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This Day in History

Posted: Thursday, August 21, 2008

In Alaska, in the Nation and the World

In Alaska

• In 1954, the Lost River Mine near Seward delivered the largest shipment of tin ever taken from a U.S. mine when 183 tons were unloaded in Seattle.

• In 1970, Secretary of the Interior Walter J. Hickel continued his visit of potential trouble spots along the route of the planned trans-Alaska oil pipeline.

• In 1989, In the Yukon Territory, today is known as Discovery Day.

In the nation

• In 1858, the first of seven debates between Illinois senatorial contenders Abraham Lincoln and Stephen Douglas took place.

• In 1831, former slave Nat Turner led a violent insurrection in Virginia. (He was later executed.)

• In 1878, the American Bar Association was founded in Saratoga, N.Y.

• In 1944, the United States, Britain, the Soviet Union and China opened talks at Dumbarton Oaks in Washington that helped pave the way for establishment of the United Nations.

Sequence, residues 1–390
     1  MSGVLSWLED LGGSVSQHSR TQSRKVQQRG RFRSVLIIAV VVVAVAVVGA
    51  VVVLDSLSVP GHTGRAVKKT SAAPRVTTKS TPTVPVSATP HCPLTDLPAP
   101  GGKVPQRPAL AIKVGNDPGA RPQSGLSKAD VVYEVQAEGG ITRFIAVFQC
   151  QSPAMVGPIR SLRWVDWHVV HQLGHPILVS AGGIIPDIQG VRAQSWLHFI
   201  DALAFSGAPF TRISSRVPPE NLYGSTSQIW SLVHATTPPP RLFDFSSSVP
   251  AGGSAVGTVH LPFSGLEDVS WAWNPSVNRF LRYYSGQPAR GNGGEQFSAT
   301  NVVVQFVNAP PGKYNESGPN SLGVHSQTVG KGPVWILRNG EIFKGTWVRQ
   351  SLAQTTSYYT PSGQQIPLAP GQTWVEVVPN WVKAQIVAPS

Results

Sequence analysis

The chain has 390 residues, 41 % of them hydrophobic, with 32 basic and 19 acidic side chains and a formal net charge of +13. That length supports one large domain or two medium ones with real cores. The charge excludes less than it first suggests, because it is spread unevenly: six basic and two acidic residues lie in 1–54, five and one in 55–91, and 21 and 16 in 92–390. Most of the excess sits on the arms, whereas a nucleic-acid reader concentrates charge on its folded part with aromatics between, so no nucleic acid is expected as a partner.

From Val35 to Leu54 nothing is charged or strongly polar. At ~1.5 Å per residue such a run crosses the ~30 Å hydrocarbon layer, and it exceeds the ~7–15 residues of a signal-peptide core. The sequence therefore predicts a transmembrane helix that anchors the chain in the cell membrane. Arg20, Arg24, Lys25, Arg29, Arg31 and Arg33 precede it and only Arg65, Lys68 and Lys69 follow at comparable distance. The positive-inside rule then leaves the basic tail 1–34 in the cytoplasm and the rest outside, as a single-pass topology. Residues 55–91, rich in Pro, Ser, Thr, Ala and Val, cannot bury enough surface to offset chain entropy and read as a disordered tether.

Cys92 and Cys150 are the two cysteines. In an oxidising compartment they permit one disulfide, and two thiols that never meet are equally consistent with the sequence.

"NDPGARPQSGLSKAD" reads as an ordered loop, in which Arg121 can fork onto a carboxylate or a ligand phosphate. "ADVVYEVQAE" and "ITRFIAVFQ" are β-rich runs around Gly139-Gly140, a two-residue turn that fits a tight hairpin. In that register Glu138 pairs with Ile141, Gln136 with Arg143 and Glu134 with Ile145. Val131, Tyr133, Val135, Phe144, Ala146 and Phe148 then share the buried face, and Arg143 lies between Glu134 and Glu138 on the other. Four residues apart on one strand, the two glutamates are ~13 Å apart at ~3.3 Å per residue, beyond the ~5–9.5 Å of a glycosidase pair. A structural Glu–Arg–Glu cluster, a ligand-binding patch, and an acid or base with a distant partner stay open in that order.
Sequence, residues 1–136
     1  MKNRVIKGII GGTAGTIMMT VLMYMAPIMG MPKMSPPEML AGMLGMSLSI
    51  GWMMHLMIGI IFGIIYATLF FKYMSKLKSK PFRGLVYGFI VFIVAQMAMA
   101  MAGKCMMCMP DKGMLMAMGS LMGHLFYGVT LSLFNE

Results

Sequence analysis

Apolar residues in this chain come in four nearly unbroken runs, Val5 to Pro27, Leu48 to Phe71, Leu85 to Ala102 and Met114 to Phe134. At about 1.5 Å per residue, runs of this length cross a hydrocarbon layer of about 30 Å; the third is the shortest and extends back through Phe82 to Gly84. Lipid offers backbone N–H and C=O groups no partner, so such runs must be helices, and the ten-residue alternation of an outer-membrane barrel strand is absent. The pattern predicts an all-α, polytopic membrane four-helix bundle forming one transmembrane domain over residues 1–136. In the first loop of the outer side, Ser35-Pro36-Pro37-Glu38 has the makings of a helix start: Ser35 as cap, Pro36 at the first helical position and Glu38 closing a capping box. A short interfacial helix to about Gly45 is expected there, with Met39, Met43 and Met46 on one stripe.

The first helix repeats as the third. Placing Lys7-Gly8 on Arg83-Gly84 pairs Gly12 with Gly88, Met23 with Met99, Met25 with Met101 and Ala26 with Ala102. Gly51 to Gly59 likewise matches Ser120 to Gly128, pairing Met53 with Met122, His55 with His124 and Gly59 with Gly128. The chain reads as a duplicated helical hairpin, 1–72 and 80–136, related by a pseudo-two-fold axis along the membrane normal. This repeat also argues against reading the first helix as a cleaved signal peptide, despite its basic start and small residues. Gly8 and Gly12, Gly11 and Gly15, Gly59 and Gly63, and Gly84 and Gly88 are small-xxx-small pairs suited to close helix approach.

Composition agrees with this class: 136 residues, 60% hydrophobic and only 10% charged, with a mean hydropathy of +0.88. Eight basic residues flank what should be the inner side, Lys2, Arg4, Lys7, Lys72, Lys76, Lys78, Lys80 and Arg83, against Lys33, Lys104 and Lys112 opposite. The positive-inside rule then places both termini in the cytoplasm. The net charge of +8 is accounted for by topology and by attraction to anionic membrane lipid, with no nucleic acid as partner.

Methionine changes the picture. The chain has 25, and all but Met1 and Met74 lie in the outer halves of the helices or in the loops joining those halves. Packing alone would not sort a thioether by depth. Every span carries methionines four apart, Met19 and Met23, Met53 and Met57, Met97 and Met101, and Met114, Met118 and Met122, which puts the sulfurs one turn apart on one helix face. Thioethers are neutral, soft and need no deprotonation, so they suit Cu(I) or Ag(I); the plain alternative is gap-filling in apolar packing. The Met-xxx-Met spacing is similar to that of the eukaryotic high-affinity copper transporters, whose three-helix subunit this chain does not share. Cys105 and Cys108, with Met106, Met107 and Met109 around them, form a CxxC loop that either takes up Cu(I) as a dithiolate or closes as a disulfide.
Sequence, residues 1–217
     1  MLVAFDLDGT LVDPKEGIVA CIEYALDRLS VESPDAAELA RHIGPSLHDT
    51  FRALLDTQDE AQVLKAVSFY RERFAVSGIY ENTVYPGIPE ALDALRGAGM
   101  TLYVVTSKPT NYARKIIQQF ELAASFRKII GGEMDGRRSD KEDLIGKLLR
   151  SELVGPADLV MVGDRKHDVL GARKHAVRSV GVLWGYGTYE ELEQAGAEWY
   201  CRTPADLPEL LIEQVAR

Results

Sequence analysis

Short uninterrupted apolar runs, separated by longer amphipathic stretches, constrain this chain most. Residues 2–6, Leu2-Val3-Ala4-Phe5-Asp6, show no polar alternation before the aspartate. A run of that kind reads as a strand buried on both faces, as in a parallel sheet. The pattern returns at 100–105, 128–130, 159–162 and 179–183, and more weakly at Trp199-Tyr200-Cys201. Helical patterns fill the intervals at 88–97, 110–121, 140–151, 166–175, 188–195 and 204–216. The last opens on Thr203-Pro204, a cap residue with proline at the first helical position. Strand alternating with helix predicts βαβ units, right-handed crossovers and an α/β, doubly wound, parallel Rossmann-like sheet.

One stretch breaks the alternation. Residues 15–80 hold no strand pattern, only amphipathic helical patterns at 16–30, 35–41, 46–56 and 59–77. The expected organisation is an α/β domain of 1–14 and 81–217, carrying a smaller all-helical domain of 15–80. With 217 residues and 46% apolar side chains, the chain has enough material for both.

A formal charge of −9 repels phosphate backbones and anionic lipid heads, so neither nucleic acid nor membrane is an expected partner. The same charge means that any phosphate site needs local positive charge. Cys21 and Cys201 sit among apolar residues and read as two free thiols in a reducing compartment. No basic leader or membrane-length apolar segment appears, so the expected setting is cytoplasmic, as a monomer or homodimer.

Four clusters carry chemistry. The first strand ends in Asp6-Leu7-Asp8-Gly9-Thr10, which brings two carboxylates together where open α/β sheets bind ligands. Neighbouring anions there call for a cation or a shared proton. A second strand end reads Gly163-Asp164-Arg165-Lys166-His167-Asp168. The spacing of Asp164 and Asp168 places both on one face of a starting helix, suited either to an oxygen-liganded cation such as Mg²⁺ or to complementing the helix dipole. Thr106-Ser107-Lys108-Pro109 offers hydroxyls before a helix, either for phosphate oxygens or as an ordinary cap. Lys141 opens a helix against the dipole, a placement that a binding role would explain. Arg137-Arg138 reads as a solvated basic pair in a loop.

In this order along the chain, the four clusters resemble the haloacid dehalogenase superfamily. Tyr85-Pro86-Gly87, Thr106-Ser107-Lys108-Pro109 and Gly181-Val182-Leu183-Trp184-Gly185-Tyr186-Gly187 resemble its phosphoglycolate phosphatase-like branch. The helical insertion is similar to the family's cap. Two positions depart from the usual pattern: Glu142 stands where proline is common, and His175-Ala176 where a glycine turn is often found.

• In 1959, Hawaii became the 50th state as President Eisenhower signed an executive order, five months after he'd signed the Hawaiian statehood bill.

• In 1998, Samuel H. Bowers, a 73-year-old former Ku Klux Klan leader, was convicted in Hattiesburg, Miss., of ordering a 1966 firebombing that killed civil rights activist Vernon Dahmer. (Bowers died in prison in November 2006 at age 82.)

• In 2003, Alabama's top judge, Chief Justice Roy Moore, refused to back down in his fight to keep a Ten Commandments monument and lashed out at his colleagues who'd ordered it removed from the rotunda of the state judicial building. Palestinian militants abandoned a two-month-old truce after Israel killed a Hamas leader in a missile attack.



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